Big Brother is Blogging You

This post might mean the most to those around 40, 45 years old. Do you recall back in 1984, there was a whole lot of craziness about Orwell’s book and whether not it had come true? It was so pervasive and hand-in-hand with everything else happening in popular culture at the time. (Do you remember Weird Al’s MTV hit “Big Brother Just Wants to Have Fun”?) Everyone and their teenage cousin carried the book around like it was our generation’s Catcher in the Rye. And we were all quick to cry out that “Big Brother was watching us!” which was our shorthand for any adolescent criticism of the government or our parents, i.e. “Man, my folks are just like Big Brother, man.”

It's a webcam...Get it?

OK, cut to now. It seems that we’ve finally seen Big Brother…and he’s us. Blogs, Twitter, GPSs, Facebook, etc., willingly let everyone know what we’re doing, where we are, what we’re thinking—all of the things that were labeled Orewellian back in the 80s. We all assumed the infiltration of our privacy would come from our government; maybe we were too naïve to realize that the self-obsession of the 70s would re-blossom in this century as techno-version of a six-year-old boy dancing in his underwear in front of his parents’ friends: We want everybody to watch us.

I don’t think I’m expressing anything terribly unique, but I’ve yet to see a Time cover story (look above for my idea of what that very-unsubtle Time cover could be), an essay, a book, etc., that revisits those paranoid early 80s and places them in a 2010 context. Is it such an article out there and I’ve missed it?

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Since it would be out of character to not include a clip, here’s a portion of Michael Radford’s Nineteen Eight Four (1984), which I think is a forgotten film. It had a pretty big novelty factor when it was released, but it had a lot of cool shit going for it, too: John Hurt is great casting as Winston Smith; the Eurythmics score attracted a lot of well-deserved attention; portions were filmed on the exact calendar days in 1984 that were noted in the book, which was hyped in the press; and the purposely washed-out look was commented upon in the reviews.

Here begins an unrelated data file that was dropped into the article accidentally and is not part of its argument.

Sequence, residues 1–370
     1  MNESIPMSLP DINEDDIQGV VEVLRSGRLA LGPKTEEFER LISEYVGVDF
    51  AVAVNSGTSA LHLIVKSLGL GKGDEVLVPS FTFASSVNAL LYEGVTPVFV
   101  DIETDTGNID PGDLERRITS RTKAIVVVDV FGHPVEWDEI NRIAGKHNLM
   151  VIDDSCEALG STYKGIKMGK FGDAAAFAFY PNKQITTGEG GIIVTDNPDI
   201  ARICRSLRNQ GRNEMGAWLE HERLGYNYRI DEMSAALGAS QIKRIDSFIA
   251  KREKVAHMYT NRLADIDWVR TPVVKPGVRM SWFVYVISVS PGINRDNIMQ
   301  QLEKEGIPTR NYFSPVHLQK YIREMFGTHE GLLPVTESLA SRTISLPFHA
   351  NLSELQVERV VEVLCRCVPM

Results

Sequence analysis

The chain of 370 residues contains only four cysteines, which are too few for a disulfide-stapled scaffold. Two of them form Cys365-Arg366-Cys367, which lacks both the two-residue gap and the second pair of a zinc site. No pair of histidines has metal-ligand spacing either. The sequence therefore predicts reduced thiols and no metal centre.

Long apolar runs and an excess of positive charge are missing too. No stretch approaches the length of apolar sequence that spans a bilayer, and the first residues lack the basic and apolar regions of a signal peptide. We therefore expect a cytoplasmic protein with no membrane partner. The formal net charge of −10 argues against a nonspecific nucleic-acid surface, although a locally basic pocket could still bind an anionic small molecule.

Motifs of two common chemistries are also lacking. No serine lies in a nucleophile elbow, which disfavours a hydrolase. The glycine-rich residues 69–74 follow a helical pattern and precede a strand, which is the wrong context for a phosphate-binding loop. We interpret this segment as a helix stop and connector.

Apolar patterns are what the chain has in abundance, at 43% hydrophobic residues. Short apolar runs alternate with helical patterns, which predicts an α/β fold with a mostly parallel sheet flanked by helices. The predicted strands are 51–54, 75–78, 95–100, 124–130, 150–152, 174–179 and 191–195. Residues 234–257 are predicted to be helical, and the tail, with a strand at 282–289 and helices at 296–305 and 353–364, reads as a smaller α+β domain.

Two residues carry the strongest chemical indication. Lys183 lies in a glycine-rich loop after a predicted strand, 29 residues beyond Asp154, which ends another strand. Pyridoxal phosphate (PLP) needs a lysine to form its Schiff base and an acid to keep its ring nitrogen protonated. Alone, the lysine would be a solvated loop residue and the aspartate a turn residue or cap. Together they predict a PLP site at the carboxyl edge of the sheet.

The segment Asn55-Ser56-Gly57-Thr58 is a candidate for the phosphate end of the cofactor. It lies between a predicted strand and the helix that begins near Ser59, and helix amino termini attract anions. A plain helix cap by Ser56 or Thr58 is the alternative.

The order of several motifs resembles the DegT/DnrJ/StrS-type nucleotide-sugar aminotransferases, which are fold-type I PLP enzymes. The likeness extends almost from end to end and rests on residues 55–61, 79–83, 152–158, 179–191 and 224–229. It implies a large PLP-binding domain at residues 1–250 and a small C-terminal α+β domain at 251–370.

But the reason I’m showing this clip is because of a sound effect. I saw this only once in 1985, and this one sound left a huge impression on me. This scene is towards the end, after Winston’s been tortured and is talking with Inner Party member O’Brien. Listen for Winston’s body hitting the floor.

I never forgot this moment in the film, and it stuck with me because of the sound. Better than any visual, I felt his pain. (And the sound of the tooth being pulled out is nothing to sneeze at either.) That should have been a dead giveaway to me that this whole ‘sound in film’ thing was calling out to me.

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5 Comments

Filed under Film

5 responses to “Big Brother is Blogging You

  1. illy c

    No, Big Brother isn’t us, it’s the corporate powers that be that we are so eagerly handing all of our private information to, in the name of our egos, from what shit we like to buy to what our politics are. At the time I read ‘1984’, I didn’t think it was so much of a generational handbook as standard fare that every high school student throughout time had to read. I just remember thinking it was pretty cool that it happened to BE 1984 (or around then) when we were reading it. And I don’t think you have to be very paranoid to draw the obvious parallels to our current society. In fact, if you aren’t a little paranoid about it, you are probably not paying much attention. The parallels aren’t subtle or symbolic, they are quite literal. We now have telescreens (webcams, allowing surveillance into our own homes), Newspeak (for example “blog” or “facebook”), and global alliances, the populations of which will easily switch sides when the media tells them to, no questions asked. With credit cards, cell phones, EZ pass, etc., it is impossible not to be tracked.